Just like other words which are spelled similarly, the words loath and loathe may often confuse writers. Although they look almost exactly alike, these two words are different in both meaning and use. This post will help you determine when and how to use these terms.
The word loath is used as an adjective which means “reluctant” or “unwilling to do something contrary to one’s ways of thinking.”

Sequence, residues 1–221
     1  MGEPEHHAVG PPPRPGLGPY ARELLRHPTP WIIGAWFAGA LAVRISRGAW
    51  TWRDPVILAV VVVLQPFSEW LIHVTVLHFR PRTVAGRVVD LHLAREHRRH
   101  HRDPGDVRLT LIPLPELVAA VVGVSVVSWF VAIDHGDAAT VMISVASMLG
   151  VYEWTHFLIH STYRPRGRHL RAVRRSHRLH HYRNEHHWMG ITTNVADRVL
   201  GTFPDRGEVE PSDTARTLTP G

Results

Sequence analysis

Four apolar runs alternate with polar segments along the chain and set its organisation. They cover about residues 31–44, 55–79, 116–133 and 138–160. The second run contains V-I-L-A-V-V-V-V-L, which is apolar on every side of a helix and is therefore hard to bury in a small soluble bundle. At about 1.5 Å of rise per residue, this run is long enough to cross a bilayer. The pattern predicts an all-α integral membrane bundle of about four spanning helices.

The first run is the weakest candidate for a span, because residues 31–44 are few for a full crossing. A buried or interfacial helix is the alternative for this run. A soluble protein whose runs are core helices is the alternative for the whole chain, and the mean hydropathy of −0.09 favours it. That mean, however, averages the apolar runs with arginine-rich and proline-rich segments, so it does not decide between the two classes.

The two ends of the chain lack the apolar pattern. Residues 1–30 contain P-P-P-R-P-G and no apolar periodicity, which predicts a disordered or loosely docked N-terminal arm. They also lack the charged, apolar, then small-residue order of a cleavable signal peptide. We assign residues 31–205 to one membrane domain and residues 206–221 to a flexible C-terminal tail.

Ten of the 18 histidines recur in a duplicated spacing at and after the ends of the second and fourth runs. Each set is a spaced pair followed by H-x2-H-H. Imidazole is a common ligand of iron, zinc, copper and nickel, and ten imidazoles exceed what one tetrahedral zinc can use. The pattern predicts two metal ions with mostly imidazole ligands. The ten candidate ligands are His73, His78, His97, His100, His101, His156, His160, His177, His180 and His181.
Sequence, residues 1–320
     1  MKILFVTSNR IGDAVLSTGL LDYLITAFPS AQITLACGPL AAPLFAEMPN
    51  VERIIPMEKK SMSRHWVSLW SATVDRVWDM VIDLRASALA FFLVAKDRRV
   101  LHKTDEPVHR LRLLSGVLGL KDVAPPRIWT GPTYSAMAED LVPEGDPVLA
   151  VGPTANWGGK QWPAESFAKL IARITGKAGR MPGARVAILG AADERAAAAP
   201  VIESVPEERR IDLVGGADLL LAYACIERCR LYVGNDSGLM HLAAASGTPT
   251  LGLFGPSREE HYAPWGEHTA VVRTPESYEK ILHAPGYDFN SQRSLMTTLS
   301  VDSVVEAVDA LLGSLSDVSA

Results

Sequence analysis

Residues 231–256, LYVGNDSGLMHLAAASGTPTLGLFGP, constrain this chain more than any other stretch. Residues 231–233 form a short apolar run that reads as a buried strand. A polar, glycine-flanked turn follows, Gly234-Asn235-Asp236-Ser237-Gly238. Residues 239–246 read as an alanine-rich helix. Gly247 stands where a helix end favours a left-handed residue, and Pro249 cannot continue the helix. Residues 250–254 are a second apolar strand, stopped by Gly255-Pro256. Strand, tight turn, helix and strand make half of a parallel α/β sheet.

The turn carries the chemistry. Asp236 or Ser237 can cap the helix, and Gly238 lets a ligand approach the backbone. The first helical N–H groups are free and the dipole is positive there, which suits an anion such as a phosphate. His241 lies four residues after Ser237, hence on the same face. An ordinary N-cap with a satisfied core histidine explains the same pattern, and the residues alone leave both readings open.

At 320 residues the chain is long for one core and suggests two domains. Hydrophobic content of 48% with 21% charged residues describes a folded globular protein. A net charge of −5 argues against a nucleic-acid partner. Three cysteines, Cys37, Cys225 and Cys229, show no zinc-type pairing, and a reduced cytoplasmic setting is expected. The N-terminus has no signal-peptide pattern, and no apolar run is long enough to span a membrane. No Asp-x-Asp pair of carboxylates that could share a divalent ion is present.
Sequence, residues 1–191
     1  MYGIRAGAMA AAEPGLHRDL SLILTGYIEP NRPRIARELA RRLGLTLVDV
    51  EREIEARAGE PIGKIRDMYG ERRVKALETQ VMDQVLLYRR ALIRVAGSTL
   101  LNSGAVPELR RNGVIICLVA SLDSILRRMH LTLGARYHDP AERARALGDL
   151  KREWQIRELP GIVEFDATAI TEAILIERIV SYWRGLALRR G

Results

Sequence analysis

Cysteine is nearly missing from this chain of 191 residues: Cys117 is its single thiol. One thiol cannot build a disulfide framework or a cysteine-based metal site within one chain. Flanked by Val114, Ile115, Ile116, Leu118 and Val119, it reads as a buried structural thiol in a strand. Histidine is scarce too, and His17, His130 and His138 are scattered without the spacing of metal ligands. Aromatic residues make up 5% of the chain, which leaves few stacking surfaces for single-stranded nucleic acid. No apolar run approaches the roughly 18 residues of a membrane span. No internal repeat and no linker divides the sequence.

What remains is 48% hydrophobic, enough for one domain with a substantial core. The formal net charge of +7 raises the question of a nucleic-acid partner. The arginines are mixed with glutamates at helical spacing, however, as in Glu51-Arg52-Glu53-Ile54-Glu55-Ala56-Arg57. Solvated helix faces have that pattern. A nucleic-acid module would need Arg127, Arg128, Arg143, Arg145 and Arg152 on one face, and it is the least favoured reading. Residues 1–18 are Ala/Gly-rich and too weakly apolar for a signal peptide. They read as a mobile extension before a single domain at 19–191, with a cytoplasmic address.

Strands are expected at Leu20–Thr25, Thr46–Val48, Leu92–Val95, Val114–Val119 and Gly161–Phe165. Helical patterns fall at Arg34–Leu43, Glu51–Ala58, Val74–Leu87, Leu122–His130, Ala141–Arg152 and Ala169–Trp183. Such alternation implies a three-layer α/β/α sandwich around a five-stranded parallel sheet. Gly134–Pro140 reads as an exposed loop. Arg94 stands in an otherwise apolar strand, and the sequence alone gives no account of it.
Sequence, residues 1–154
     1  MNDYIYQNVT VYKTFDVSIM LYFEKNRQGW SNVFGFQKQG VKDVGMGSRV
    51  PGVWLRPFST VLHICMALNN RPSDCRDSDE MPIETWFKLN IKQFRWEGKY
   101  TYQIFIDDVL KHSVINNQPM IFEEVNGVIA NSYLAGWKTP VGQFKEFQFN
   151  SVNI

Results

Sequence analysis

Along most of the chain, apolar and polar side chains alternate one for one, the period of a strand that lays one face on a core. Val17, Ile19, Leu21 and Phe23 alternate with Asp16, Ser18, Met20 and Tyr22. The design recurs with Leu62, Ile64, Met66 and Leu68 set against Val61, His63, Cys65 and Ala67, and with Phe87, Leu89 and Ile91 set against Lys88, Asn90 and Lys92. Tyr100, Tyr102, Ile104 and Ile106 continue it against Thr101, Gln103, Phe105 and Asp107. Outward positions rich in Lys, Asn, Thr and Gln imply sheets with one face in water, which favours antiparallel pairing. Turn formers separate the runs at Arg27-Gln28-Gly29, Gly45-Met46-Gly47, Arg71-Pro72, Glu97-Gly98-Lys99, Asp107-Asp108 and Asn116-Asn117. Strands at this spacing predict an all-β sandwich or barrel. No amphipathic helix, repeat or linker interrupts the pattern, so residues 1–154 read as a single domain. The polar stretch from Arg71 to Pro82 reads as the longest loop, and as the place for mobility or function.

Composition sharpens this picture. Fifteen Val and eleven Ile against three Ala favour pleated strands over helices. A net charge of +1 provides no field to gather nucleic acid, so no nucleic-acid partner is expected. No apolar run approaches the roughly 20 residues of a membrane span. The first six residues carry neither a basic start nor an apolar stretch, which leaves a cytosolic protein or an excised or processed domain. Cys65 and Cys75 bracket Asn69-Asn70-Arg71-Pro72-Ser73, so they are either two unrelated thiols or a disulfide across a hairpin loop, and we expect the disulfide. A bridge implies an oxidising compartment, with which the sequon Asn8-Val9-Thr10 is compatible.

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On the other hand, the term loathe is used as a verb meaning “to dislike greatly and often with disgust or intolerance.”
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You may also encounter the term loth, which is just the British English version of loath.
“Lamela would not be sold on the cheap as the Tottenham chairman, Daniel Levy, is loth to take a loss on any player.”
Another difference between the two is their pronunciations. While loath rhymes with both and oath, loathe sounds like clothe. To further help you distinguish between the two terms, remember that loathe is used as a verb because they both have an “e” while loath is used as an adjective.